North Korea, for its part, needs to draw support from China to strengthen its bargaining power, ahead of prospective negotiations with the U.S. It is also necessary for the North to improve ties with China, amid difficulties stemming from harsh sanctions imposed by the U.N.  Since both sides need each other their relations have become warmer and closer. 

Beijing and Pyongyang are demonstrating their intimate relationship both inside and outside their countries. Kim Jong-un visited China three times last year alone and traveled again to China earlier this year, while Xi Jinping visited Pyongyang in June for the first time since he took office in 2013. 

China is under political, economic and diplomatic pressure from Washington so it finds it necessary to enhance its negotiating power by using North Korea as leverage. Pyongyang absolutely needs help from Beijing, as it has to negotiate with the U.S., the world’s foremost superpower. 

Since North Korea and China are using each other as negotiating cards, Beijing is emerging as an important factor that may affect Korean Peninsula issues. 

China has been determined to revive its past glory and increase its presence, at least in Northeast Asia, by waging a fierce competition for hegemony with the U.S. Xi is seeking the so-called “China Dream,” a vision of the country’s reemergence as a political and economic power. In the midst of the ongoing battle for supremacy between Beijing and Washington, China wants to change the previous U.S.-led framework when addressing Korean Peninsula issues. This is Beijing’s new strategy, and it could be a risk factor for regional diplomacy.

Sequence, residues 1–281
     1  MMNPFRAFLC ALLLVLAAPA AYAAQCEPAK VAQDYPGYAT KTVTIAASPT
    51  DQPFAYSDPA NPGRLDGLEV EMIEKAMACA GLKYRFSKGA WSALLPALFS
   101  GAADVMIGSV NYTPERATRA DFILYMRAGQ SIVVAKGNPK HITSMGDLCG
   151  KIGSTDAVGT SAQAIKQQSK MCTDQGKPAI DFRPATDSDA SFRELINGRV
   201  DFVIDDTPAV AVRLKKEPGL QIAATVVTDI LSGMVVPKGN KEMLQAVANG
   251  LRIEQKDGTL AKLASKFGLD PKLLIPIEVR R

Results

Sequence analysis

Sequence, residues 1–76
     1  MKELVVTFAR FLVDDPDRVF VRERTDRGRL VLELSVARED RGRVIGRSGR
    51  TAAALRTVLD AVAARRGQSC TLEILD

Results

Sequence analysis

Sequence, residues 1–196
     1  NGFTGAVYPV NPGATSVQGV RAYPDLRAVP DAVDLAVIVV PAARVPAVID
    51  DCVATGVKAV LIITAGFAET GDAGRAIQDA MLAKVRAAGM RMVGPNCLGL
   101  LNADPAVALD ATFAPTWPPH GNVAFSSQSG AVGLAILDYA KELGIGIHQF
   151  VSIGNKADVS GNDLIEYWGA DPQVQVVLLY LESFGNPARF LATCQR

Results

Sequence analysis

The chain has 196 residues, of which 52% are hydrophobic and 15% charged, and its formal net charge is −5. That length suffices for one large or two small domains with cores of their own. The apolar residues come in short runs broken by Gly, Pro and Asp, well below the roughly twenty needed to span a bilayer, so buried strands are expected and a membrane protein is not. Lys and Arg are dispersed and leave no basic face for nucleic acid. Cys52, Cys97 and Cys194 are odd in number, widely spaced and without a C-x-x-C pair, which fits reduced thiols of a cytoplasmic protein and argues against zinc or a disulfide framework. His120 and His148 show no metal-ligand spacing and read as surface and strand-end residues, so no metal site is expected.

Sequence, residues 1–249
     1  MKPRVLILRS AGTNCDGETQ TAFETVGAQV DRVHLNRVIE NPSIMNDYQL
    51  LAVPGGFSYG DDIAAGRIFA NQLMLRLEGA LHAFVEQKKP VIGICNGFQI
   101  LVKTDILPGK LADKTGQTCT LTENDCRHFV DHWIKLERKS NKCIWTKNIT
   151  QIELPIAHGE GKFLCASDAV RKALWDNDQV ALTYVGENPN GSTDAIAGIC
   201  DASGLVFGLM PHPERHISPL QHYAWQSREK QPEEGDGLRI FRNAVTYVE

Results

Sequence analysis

As China is increasing its influence in the region, the process of finding a solution to North Korea’s denuclearization has become more complicated. Previously, it was a matter between the two Koreas and the U.S. But now, another factor has been added to the existing structure. 

In fact, the six-party nuclear negotiations exist in name only, as summit talks between Pyongyang and Washington are playing a major role in addressing the North Korean nuclear issue. Now, only four parties—the two Koreas, the U.S. and China—are considered as the directly involved countries. 

The other two members of the six-party talks, Russia and Japan, are believed to have been left out in the cold.

If Kim Jong-un visits China this month, Beijing’s role and status will be reinforced even further. 

It is possible that Kim Jong-un may visit China around October 6th, which will mark the 70th anniversary of the establishment of diplomatic relations between North Korea and China. Last year, Kim visited China before important negotiations with the U.S. The North and the U.S. are showing signs of resuming working-level talks, in which Pyongyang will play for high stakes. So, the North Korean leader may travel to China prior to the crucial talks. 

Both North Korea and China will celebrate this year’s anniversary in a big way as the socialist states attach great significance to every tenth anniversary. Aware of its conflict with the U.S., China may embrace North Korea in a more pronounced way than usual. Kim’s first visit to China, if realized, will allow Beijing to show to the U.S. that it can exercise leverage over North Korea. In doing so, China will attempt to gain the upper hand at negotiations with the U.S. 

Kim’s visit to China and closer cooperation between North Korea and China will lead to more negotiating power for Beijing. China is trying to strengthen its position on the Korean Peninsula by stressing the “China Dream.” 

The emergence of China, a major factor in regional diplomacy, is expected to prompt involved countries to engage in intensive diplomacy to resolve the denuclearization issue, which has now become even more complex.